Olbers's Paradox

There is a simple, seemingly trivial question one can ask -- Why is the night sky dark?


Consider a shell of stars of thickness T and radius R.

How much light do we receive from this shell of stars?

The key point is that the amount of light we receive from the shell does not depend upon how far away is the shell. We receive the same amount of light from distant shells as we do from nearby shells. Hmmmmmm. So, if there are million such shells in the Universe, then we simply multiply the contribution of 1 shell by million to get the total amount of energy we receive from the Universe. Further, we should see this light at all times, even at night, since the shells completely surround us. This type of reasoning gave rise to Olbers's Paradox

Another View:

Another way to think about the problem is to compare the brightness of the nightsky to the brightness of the surface of the Sun. We know that the surface of the Sun blazes away at a temperature of 5,800 Kelvin and the nightsky is substantially less bright. To understand why this is a paradox consider the following:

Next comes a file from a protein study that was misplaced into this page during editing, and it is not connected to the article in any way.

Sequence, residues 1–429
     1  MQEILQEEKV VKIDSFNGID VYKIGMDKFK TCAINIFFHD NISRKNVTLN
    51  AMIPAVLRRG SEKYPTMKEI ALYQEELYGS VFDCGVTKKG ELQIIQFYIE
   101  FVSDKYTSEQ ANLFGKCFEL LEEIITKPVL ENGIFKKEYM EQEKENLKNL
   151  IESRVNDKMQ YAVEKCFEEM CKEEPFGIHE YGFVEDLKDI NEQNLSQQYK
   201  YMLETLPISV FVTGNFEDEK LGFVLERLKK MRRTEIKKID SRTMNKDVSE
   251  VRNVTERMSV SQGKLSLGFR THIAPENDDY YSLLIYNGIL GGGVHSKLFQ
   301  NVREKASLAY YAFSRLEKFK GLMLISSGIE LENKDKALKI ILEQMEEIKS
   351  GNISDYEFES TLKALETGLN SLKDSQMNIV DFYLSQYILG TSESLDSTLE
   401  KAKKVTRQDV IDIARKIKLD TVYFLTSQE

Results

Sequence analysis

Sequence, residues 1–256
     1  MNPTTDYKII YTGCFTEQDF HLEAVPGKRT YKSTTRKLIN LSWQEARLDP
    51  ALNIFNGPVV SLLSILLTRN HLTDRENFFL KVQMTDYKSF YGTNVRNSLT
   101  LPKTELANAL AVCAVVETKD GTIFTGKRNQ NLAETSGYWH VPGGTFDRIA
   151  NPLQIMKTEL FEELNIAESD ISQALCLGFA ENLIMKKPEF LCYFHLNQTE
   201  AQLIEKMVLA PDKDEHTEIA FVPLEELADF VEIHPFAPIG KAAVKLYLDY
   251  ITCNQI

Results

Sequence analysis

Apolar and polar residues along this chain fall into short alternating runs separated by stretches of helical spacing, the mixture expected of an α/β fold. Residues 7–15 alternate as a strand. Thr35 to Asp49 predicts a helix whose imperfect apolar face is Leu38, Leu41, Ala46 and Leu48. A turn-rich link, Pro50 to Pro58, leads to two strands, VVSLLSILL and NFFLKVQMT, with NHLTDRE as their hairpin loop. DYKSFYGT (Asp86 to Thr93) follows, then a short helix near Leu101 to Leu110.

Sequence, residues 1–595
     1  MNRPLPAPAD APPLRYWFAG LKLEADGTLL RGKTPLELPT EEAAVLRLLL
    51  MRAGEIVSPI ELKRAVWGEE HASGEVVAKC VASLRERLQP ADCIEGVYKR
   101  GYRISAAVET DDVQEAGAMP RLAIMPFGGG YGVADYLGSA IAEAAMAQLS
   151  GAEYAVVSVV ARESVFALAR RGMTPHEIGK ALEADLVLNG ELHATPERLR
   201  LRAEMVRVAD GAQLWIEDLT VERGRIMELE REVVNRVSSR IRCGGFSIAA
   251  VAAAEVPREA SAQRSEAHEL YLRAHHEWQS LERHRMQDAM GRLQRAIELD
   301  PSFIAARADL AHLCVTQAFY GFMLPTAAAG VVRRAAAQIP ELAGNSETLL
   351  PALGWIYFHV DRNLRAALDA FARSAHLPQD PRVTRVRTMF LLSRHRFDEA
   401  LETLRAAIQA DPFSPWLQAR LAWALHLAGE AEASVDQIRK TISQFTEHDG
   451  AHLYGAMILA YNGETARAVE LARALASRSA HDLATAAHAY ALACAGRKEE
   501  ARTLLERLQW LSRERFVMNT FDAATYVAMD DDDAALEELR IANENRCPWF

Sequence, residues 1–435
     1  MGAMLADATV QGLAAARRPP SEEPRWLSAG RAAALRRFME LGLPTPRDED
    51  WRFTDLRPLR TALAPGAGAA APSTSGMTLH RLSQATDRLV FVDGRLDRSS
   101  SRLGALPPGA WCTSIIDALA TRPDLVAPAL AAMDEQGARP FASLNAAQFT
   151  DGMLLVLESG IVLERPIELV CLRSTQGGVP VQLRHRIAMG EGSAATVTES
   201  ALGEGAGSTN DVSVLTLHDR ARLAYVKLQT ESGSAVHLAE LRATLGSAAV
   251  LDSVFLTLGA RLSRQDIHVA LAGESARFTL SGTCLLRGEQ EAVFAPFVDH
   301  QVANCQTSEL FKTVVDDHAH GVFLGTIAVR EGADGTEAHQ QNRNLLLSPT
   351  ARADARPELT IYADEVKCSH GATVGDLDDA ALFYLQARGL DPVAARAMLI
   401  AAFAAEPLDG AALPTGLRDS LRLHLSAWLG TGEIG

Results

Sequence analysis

The fraction of the shell blocked out by the stars in the shell does not depend upon the radius of the shell (how far away the shell lives) ===> Olbers's Paradox if the Universe is big enough.

Resolution of Olbers's Paradox

Okay, so what's the way out? Something must be wrong with one (or more) of the original assumptions, or some physics has not been considered. Possibilities:

It is interesting that in asking and answering the seemingly trivial question, "Why is the night sky dark?" one could have inferred that the Universe was expanding and that the Universe had a finite age (or at the least the stars and galaxies had finite ages).

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